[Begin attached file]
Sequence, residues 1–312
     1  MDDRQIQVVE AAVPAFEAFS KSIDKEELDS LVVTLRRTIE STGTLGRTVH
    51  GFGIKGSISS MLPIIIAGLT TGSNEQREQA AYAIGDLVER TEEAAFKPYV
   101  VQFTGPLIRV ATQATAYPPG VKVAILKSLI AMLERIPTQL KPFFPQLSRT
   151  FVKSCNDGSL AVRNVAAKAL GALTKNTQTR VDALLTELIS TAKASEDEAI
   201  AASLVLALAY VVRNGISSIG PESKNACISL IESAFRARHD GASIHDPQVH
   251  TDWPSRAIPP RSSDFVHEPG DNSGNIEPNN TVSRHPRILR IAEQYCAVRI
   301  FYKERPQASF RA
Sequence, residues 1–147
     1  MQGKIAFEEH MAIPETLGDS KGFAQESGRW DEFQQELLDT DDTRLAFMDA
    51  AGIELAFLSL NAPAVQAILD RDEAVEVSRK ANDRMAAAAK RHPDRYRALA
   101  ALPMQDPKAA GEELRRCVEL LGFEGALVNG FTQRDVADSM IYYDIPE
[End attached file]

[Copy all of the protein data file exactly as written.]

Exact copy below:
Sequence, residues 1–312
     1  MDDRQIQVVE AAVPAFEAFS KSIDKEELDS LVVTLRRTIE STGTLGRTVH
    51  GFGIKGSISS MLPIIIAGLT TGSNEQREQA AYAIGDLVER TEEAAFKPYV
   101  VQFTGPLIRV ATQATAYPPG VKVAILKSLI AMLERIPTQL KPFFPQLSRT
   151  FVKSCNDGSL AVRNVAAKAL GALTKNTQTR VDALLTELIS TAKASEDEAI
   201  AASLVLALAY VVRNGISSIG PESKNACISL IESAFRARHD GASIHDPQVH
   251  TDWPSRAIPP RSSDFVHEPG DNSGNIEPNN TVSRHPRILR IAEQYCAVRI
   301  FYKERPQASF RA
Sequence, residues 1–147
     1  MQGKIAFEEH MAIPETLGDS KGFAQESGRW DEFQQELLDT DDTRLAFMDA
    51  AGIELAFLSL NAPAVQAILD RDEAVEVSRK ANDRMAAAAK RHPDRYRALA
   101  ALPMQDPKAA GEELRRCVEL LGFEGALVNG FTQRDVADSM IYYDIPE